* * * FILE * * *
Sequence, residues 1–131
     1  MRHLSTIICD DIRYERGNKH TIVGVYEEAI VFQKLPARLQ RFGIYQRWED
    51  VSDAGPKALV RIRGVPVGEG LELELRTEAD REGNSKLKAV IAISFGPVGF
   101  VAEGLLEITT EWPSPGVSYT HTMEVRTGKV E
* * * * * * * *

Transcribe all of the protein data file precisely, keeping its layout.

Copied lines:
Sequence, residues 1–131
     1  MRHLSTIICD DIRYERGNKH TIVGVYEEAI VFQKLPARLQ RFGIYQRWED
    51  VSDAGPKALV RIRGVPVGEG LELELRTEAD REGNSKLKAV IAISFGPVGF
   101  VAEGLLEITT EWPSPGVSYT HTMEVRTGKV E